- Associated Press - Monday, September 22, 2014

COLUMBIA, S.C. (AP) - Conservative activists say a new outline for the Advanced Placement U.S. history course shows an anti-American bias by either downplaying or omitting the country’s most heroic figures and military victories.

But the executive who leads the College Board’s Advanced Placement program said critics misinterpret the framework’s purpose. It’s not a laundry list of names and events for students to learn, and neither was the previous one, senior vice president Trevor Parker told an Education Oversight Committee panel Monday.

“The new framework does not remove any names at all. Neither does the old framework mention any names,” he said in a phoned-in presentation.

The expanded outline, rolled out this year, is meant to give teachers a better idea of the concepts that students in the elective, college-level course should explore, while individual teachers and state standards determine what is taught, Parker said.

In South Carolina, all high schoolers take an end-of-course U.S. history test that makes up 20 percent of their total grade, no matter which U.S. history course they take. That test is based on state standards. How students perform on the AP test is not part of their grade.

“It’s my classroom and my state standards,” Susan Baumann, a long-time AP U.S. history teacher at Richland Northeast High, told panel members. “I have the right or autonomy to decide what’s covered and decide what my students do.”

The goal of the redesigned AP U.S. framework, in the works since 2006, is to get students to think critically using historical materials, Parker said.

One such key concept for World War II says “the decision to drop the atomic bomb raised questions about American values.” Conservative critics have panned it, but Parker said its purpose is to spur critical discussion.

“It’s students’ responsibility to support, refine or challenge that claim using evidence they study,” Parker said. “A student receives as many points arguing either way, if they use historic evidence their state requires them to learn.”

The College Board plans to issue new instructions next week to help clear up the confusion, he said.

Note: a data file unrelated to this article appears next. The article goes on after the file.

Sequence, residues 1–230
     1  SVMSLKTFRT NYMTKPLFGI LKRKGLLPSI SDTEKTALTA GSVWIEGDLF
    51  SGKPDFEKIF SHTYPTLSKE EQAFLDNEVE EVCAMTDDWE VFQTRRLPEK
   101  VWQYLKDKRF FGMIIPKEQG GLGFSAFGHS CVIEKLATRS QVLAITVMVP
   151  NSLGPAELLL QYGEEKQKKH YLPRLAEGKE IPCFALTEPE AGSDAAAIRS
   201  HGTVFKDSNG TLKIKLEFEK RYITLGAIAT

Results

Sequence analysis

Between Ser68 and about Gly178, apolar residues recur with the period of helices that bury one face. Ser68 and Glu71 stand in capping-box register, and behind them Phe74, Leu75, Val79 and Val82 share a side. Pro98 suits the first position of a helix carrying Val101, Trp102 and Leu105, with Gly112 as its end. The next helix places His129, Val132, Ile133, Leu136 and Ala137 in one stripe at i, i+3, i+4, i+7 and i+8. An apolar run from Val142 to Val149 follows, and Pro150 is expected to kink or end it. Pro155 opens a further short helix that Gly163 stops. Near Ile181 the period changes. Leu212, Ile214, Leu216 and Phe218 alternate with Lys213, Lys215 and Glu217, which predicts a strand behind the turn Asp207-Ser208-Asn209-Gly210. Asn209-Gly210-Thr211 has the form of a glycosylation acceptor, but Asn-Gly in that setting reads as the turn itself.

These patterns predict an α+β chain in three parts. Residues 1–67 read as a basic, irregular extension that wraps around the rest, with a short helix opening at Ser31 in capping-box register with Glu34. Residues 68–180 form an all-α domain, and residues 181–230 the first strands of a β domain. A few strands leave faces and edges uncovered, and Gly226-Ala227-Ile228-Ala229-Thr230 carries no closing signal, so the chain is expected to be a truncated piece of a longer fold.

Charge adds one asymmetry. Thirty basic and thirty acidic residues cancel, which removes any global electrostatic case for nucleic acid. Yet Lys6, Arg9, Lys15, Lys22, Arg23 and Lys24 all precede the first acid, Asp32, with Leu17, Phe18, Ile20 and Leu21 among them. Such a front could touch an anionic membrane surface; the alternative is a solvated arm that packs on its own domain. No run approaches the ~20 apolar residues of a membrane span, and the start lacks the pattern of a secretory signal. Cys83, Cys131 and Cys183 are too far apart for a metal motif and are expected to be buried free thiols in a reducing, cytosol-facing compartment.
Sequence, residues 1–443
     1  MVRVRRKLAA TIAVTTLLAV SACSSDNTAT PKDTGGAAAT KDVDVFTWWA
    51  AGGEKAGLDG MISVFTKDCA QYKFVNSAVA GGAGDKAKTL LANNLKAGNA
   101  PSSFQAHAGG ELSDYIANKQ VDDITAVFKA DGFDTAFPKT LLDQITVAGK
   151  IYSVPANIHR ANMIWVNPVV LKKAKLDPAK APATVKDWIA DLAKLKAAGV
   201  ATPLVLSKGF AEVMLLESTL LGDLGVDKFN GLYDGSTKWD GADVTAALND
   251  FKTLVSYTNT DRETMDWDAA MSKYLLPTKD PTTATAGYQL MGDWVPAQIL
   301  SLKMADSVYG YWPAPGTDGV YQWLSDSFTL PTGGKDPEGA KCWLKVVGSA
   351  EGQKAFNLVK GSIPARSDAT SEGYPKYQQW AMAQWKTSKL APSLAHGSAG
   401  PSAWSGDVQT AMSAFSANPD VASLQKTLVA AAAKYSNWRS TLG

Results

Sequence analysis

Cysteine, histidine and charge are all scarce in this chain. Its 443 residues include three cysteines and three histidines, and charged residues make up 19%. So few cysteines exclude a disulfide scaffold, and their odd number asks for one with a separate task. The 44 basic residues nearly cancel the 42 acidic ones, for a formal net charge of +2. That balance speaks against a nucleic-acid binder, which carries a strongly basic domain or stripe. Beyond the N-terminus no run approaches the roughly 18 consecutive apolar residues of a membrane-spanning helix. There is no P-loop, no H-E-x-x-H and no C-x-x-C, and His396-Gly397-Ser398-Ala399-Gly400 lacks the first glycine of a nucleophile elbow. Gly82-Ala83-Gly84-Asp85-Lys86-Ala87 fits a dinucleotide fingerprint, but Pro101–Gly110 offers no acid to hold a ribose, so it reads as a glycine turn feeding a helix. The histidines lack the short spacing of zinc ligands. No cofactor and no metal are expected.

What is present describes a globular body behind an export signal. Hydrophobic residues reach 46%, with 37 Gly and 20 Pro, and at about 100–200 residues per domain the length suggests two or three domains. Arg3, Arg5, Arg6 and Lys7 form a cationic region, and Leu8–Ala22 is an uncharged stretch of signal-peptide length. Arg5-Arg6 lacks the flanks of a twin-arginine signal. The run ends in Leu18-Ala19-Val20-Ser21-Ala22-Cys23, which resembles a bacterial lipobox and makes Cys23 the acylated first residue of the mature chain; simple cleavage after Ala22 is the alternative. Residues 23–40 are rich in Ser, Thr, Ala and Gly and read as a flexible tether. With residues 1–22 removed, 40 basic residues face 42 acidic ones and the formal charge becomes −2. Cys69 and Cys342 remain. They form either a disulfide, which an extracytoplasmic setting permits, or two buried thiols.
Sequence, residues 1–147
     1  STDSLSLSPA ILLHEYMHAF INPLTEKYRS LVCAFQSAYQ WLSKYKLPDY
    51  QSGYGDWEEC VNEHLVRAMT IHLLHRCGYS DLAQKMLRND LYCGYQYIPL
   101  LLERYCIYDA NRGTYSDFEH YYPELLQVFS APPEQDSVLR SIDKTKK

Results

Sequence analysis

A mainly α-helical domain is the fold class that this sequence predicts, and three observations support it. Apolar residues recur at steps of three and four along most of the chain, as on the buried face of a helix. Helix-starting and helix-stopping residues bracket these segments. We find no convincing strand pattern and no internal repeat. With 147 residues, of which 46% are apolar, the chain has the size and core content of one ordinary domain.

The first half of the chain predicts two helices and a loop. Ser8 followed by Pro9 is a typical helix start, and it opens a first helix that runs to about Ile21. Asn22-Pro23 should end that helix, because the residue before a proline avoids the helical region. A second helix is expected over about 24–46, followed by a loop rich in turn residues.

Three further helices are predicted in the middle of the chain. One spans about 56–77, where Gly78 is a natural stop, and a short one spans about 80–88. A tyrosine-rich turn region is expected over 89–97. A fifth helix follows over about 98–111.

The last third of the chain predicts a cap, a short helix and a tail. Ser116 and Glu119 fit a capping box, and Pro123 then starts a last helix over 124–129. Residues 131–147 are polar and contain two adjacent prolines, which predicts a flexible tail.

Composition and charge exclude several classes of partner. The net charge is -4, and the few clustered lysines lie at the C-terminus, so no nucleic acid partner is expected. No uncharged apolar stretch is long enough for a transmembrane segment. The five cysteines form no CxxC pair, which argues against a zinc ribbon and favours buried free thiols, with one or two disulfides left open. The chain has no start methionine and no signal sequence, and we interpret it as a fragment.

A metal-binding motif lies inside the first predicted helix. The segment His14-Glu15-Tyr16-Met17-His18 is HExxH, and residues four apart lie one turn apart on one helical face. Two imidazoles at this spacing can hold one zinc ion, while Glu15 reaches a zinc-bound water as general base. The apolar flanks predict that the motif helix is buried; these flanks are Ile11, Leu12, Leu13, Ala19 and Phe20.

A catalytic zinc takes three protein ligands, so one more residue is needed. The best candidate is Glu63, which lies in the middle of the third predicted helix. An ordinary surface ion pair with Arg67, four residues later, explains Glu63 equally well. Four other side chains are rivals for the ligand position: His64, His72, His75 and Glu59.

Activists wanted the Education Oversight Committee to adopt a resolution calling on the College Board to rewrite the framework so that it “accurately reflects U.S. history without an ideological bias.”

The framework “reflects a radically revisionist view of American history that emphasizes negative aspects of our nation’s history while omitting or minimizing positive aspects,” the proposed resolution reads.

The panel took no action. Subcommittee vice chairman Neil Robinson noted the agency has no authority over the Advanced Placement framework or the test.

“The only thing we have to do with AP at all is recommendations on funding” in the budget, he said.

Advanced Placement courses offer high school students a chance to earn college credit, if they earn a high enough score on the AP exam. The classes, generally taken by juniors and seniors, are designed to be rigorous and help them transition to college. U.S. history is the second-most-popular AP course in South Carolina, with 4,800 exams taken in 2013; 54 percent of students posted scores eligible for college credit. Each passing test translates to an average savings of $2,200 at a public, four-year college in South Carolina, according to the EOC.

State Sen. Mike Fair, an EOC member who questioned the framework, said he’s a strong supporter of the Advanced Placement program, and he foresees no problem with the Legislature continuing to fund the tests. But he said he wants to learn more about the new U.S. history framework.

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